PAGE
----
I've rerun my budget projection calculation now that all of the bills are precisely known instead of estimates, and I confirmed that I expect yearly spending for my current lifestyle to be £9000 to £10000 per year, depending on amount of leisure spending and on whether I can get my mum to economise as much as I want on groceries. (She is more spendy than me, so I gave her a hard limit of £20 per week that I'd pay towards groceries, but if I can manage to volunteer to do the shopping myself, I could get that back down to £15 per person. She had been reluctant to let me because she signed up for an app that gave her a voucher at the supermarket if she spent a certain amount per month, even though the savings would be even higher if I went...)

I also calculated that when I sell my car which I will do after I quit the job that needs me to drive places, my projected yearly spend will drop to between £8000 and £9000.

My half of the rent each month here is £347.50 for a spacious house in a nice spot, and if I tried to rent somewhere solo here it would start from £400 minimum for the very cheapest neighbourhood, and I don't have the social capital at the moment to find someone other than my mum to live with, so living with my mum is definitely financially beneficial despite her spendier ways. I rate her at about level 2 or 3 on the ERE Wheaton scale (and myself at 5.5 or 6). This does limit the chances I have to try some DIY solutions because she keeps buying fixes to things I might have tried making a fix to or just not fixed at all, but as long as she's spending her own income on that and not making me pay for those fixes, I don't mind that.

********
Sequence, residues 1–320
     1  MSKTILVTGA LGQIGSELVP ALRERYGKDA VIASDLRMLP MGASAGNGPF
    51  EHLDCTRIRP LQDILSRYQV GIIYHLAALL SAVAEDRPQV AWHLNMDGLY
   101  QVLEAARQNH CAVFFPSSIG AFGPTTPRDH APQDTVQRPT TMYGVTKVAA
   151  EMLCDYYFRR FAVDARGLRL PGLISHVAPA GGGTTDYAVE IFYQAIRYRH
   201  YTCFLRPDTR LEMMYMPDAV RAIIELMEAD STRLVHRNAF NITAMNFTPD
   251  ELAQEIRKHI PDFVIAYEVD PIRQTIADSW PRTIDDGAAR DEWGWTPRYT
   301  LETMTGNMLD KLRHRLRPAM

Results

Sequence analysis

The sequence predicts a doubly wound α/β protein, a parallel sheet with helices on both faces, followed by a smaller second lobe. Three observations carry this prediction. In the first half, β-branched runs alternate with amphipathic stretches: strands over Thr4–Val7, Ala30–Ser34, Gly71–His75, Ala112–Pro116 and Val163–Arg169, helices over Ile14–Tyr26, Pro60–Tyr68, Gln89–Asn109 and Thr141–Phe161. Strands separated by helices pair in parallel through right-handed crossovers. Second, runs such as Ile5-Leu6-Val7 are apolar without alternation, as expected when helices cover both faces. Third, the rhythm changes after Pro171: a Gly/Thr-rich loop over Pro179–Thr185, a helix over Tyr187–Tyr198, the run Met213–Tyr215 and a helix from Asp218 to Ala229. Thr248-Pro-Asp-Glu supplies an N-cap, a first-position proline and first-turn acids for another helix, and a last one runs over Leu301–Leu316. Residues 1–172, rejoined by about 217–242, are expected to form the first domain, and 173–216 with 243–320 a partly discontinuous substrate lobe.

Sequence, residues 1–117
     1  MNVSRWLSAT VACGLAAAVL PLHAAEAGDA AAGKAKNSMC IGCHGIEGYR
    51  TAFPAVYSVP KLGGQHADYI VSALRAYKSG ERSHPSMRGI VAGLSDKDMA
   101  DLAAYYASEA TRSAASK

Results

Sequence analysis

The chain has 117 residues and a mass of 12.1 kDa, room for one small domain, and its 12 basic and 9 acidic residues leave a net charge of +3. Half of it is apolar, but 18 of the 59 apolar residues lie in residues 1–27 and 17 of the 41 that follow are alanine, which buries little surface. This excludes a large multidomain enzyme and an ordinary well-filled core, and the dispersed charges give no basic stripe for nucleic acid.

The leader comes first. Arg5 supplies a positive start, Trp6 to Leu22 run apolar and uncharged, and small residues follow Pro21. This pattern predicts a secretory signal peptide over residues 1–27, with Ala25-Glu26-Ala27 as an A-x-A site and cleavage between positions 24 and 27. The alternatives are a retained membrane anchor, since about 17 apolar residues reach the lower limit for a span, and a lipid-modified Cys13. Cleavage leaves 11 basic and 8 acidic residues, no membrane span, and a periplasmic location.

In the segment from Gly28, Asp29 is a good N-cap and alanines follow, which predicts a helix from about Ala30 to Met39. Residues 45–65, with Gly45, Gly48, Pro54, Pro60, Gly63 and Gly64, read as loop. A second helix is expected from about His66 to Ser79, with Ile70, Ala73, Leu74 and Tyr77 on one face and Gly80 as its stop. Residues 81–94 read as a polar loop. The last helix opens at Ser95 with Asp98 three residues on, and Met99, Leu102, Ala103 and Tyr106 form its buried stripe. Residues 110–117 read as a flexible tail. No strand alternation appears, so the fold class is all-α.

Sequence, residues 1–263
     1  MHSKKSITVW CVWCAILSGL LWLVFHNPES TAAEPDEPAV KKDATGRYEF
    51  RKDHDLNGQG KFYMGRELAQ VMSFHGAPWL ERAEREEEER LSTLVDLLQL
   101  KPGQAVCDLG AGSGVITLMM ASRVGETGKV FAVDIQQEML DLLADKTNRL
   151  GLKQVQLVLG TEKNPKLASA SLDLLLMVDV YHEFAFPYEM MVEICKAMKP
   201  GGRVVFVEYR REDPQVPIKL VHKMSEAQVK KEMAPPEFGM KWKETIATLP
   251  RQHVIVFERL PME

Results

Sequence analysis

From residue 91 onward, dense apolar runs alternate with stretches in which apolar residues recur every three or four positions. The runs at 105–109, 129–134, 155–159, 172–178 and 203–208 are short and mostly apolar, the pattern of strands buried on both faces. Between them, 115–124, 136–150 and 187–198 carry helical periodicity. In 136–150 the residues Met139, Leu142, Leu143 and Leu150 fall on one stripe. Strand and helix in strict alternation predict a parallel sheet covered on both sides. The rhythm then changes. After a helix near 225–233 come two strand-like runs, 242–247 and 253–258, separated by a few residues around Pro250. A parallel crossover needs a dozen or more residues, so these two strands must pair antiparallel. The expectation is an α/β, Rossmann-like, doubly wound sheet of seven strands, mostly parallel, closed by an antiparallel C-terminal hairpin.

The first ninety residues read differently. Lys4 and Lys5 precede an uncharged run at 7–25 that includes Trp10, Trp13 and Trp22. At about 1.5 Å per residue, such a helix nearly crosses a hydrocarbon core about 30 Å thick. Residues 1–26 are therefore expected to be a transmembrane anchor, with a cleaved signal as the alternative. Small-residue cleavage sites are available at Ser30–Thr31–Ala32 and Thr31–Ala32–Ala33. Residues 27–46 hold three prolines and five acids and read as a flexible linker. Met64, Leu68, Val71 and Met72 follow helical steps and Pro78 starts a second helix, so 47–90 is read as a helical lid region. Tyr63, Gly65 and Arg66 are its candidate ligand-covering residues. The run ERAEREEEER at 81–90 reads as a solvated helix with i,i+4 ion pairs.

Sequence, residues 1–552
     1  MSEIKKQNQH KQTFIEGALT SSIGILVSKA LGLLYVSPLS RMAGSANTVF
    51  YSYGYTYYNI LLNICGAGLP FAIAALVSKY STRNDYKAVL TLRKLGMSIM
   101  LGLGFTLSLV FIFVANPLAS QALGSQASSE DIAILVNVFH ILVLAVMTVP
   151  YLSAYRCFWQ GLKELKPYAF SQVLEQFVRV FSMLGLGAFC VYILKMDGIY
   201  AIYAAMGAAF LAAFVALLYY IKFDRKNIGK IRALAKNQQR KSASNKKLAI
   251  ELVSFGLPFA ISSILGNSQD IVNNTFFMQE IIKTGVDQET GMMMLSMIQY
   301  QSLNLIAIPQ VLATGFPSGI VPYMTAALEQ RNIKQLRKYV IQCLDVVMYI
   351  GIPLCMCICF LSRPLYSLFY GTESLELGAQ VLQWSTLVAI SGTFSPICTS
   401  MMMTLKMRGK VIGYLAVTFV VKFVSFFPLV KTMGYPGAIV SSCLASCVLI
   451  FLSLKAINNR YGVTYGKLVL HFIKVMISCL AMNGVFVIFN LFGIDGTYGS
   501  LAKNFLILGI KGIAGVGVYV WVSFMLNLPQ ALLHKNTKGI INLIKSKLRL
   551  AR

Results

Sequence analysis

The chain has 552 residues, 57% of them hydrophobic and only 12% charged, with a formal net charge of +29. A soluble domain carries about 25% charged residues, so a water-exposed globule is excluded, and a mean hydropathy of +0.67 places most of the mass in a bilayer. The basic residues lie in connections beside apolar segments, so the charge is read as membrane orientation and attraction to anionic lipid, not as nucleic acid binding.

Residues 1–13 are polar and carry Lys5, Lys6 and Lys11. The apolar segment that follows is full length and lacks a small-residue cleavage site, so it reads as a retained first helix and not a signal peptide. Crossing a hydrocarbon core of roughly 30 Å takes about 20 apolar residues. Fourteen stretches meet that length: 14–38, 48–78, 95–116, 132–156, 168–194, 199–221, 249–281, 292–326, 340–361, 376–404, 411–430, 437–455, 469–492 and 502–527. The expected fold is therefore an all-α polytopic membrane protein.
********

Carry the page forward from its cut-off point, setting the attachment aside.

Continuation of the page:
BookLoverL
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Joined: Tue Apr 09, 2019 4:17 pm
Location: England

Re: L's Journal

Post by BookLoverL »

Honestly, the most helpful thing about living with my mum isn't the monetary savings compared to solo living, but rather the social capital.

I've worked hard on my social skills over the last seven years or so and managed to bring them from "abysmal" to "below average". For me that's a huge improvement, but the people I'm most likely to actually make connections with still tend to be those who could be described as weirdos, who obviously are statistically rarer. A lot of my social connections are long distance or online.

In contrast: we moved in here about a month ago. My mum already knows the names of all of our neighbours, talks to them regularly (from an appropriate distance for COVID) and has been asked to feed the cat of one of them who is away for the day! And everywhere she goes she seems to befriend people just as easily.

So usually, if I want something that social capital would help with, but I don't have the capital for it myself, I can mention it to mum and she can often get it for me with her social capital. I got a lot of free or cheap second hand furniture this way when I moved to the previous rental in the first place, for instance.

I've had a few job interviews in the past because of her connections, too.

I'm glad I get on well enough with her to make it feasible to live with her.

ertyu
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Re: L's Journal

Post by ertyu »

BookLoverL wrote:
Sun Mar 28, 2021 7:29 am

I've worked hard on my social skills over the last seven years or so and managed to bring them from "abysmal" to "below average". For me that's a huge improvement, but the people I'm most likely to actually make connections with still tend to be those who could be described as weirdos, who obviously are statistically rarer. A lot of my social connections are long distance or online.
bahaha, i see you fellow weirdo

i see you :D :D